Idk man in my experience it is that you just noted (a cognitive bias) more that than having to do additional work. Which is why you have to go around that by holding their hand through the decision making process. That’s double important because if you show them the decision making process then they can learn from it and the “temporary” extra work they did because of the “error” isn’t that big of a deal. If you make the situation such that they still don’t understand what was done “wrong” (let’s presume it actually was wrong) in the decision making process then they’ll of course fight tooth and nail.

      However, that being said I’m not sure that it is judicial/advocate bias in so far as it is a cognitive bias that they have towards their own personal decision making process that they think in their minds they’ve been taught (either in training or by a spe/primary/fellow in the past) or, much more rarely, came up with on their own by analyzing “the law” themselves. This again leaves open the possibility for you to “go around” their bias by simply teaching them the correct decision making process, and being prepared to tell them specifically why each stage in the decision making process is what it is etc (teaching them). It is also important that you don’t “trigger” their bias by outright telling them that it is an “error” right at the get go. Instead, I suggest going with expressing skepticism, and not being overly harsh, just a general sense of skepticism. That then lets them know that there is perhaps something that is a difference of opinion but at least gets them interested in chasing down what it is, but somewhat leaves them open to learning.

      Jumping in to “its an error” is a very brash maneuver which attorneys try on a daily basis and which predictably fails a gigantic percent of the time. It’s the same internally.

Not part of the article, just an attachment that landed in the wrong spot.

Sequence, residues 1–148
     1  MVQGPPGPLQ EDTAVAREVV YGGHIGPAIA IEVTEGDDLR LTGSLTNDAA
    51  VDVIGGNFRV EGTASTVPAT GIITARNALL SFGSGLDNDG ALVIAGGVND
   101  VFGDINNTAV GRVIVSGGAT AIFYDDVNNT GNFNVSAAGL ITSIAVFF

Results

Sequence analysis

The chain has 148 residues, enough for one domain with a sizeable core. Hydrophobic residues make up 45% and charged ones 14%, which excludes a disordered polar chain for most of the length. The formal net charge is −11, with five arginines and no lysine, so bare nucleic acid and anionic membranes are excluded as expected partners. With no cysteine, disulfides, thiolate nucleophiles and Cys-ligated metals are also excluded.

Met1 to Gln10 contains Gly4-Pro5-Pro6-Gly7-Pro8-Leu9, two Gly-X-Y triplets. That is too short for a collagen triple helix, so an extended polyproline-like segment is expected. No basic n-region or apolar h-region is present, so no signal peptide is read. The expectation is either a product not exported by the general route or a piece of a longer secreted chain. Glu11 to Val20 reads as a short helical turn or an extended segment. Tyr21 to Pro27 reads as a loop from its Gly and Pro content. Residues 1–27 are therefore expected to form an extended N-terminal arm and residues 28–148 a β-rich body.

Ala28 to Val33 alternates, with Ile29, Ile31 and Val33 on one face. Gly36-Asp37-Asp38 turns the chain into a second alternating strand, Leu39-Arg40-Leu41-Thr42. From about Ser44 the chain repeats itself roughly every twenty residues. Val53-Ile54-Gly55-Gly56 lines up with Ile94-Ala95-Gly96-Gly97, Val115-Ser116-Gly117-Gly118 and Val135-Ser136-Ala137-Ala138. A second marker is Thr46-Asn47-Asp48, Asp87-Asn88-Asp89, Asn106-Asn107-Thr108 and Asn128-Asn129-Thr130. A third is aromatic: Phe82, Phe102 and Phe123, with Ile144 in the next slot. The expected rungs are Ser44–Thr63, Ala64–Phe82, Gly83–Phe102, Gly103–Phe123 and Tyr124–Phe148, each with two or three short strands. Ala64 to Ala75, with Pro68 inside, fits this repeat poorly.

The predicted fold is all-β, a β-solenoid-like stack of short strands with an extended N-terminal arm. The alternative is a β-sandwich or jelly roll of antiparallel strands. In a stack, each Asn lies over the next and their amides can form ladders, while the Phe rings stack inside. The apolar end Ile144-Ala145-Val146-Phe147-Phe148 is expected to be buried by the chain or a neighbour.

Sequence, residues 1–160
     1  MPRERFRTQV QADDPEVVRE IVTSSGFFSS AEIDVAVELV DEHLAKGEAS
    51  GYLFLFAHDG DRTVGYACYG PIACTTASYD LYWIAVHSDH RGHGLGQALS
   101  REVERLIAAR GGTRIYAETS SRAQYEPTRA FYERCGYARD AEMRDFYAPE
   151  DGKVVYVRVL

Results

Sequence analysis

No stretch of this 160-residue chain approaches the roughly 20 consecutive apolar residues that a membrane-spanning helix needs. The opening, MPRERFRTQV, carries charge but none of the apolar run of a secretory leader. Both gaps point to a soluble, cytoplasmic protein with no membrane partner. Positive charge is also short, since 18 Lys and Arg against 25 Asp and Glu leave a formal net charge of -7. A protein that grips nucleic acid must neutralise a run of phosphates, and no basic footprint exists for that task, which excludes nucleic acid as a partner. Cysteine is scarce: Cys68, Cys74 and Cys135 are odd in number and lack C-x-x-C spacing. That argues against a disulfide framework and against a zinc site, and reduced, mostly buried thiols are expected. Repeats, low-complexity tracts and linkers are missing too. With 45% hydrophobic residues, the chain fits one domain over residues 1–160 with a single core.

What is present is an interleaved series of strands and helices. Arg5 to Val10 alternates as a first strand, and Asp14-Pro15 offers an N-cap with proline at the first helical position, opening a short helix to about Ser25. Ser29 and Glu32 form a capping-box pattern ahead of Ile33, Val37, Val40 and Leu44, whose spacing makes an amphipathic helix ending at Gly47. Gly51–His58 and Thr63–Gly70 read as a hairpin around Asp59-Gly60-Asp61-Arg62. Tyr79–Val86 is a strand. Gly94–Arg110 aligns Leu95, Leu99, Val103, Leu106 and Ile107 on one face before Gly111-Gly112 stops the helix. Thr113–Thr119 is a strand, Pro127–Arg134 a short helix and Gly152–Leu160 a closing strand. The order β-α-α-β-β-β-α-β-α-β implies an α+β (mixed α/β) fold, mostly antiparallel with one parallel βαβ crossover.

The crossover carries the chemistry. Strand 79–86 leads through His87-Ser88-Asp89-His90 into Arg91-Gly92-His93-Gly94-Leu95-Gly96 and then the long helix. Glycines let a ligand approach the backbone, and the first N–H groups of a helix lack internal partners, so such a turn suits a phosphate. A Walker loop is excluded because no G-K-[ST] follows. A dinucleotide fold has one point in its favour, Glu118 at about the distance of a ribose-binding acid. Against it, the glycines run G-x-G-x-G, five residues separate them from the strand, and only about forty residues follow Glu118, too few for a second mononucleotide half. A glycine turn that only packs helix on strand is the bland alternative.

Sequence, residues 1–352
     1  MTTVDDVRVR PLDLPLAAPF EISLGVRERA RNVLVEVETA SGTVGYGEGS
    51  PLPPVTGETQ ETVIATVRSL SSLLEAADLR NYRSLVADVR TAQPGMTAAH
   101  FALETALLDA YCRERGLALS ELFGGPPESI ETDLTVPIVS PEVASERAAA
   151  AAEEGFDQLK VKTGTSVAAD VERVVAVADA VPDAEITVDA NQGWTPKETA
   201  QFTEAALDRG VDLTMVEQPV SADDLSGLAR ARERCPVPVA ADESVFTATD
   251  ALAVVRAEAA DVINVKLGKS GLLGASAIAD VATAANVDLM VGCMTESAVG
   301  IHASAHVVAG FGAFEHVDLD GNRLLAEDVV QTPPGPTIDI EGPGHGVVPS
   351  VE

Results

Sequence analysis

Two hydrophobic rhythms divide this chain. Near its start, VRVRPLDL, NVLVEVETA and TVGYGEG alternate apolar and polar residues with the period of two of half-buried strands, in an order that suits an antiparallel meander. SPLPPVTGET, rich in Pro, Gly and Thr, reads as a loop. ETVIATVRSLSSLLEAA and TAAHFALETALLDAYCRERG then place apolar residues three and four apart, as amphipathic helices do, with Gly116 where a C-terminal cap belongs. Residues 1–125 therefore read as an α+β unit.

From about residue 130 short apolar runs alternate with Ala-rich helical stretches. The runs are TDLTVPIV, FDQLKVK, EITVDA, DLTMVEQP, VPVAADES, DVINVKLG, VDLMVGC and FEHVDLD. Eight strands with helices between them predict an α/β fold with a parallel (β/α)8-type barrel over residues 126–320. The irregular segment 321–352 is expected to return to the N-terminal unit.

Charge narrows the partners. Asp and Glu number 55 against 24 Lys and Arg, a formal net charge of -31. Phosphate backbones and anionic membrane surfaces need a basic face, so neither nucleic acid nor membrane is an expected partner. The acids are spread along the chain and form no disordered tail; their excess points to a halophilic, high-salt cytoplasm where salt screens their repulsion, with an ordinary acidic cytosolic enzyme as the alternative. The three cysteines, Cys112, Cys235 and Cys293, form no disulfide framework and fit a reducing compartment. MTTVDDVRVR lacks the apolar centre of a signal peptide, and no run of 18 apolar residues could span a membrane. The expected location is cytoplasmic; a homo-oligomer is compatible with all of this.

5. 5.5

      “I’d caution the people on this board to not assume that an Examiner not agreeing with you means they’re refusing to admit their error, however. ”

      That I will certainly agree with.

  5. 4

    ” How does the examiner fill the role of both judge and partial voice-of-opposition in this situation?”

    All too aggressively and hastily.

  6. 3

    There is no question that the average IPR or CBM PTAB APR decision is much more thoroughly written than the average ex parte PTAB decision, much less the average examiner action. Two good reasons are that the odds of appeal to the Fed. Cir. are far higher, and that most ex parte PTAB decisions other that from reexaminations are not really final – continuations or divisionals can be filed.

    1. 3.1

      One reason other than intellect – time.

      Examiner – 15-20 hours from start to finish to read, understand, search, examine, and write rejections/allowance.
      Ex parte – 20 hours to read appeal briefs and determine whether appellant has demonstrated reversible error.
      IPR – 80 hours to determine whether to institute, another 100 hours to final written decision if instituted.

      Can you guess why the PTAB does better?

        1. 3.1.1.1

          Note that my hours listed are not exact, but my rough estimates based on info from mostly reliable examiner friends.

      1. 3.1.2

        Indeed, extra APJ time is a factor, but the huge difference in time and money spent by petitioners digging up better prior art and clearly presenting it is the main reason for the difference in RESULTS between the prosecution of claims in applications and their outcomes in IPRs. [Too many patent attorneys keep looking for some other explanation that they think would make a big difference.]

        1. 3.1.2.1

          Paul,

          Albeit not a fully thought out concept, but do you think that outsourcing and privitizing examination should be put on the table for consideration?

          1. 3.1.2.1.1

            To whom would it be outsourced? Any private company would end up hiring most of the current examiners because they are already trained (and training a new bunch of examiners would be a huge cost). So you would end up with the same people doing the work. Those people do what their bosses want. If you want to change the work product, change the bosses or the bosses’ perspective.

            And if you mean outsourced out of the country, there are national security concerns. Admittedly very few patents invoke any national security concerns, but there are some legitimate concerns.

            1. 3.1.2.1.1.1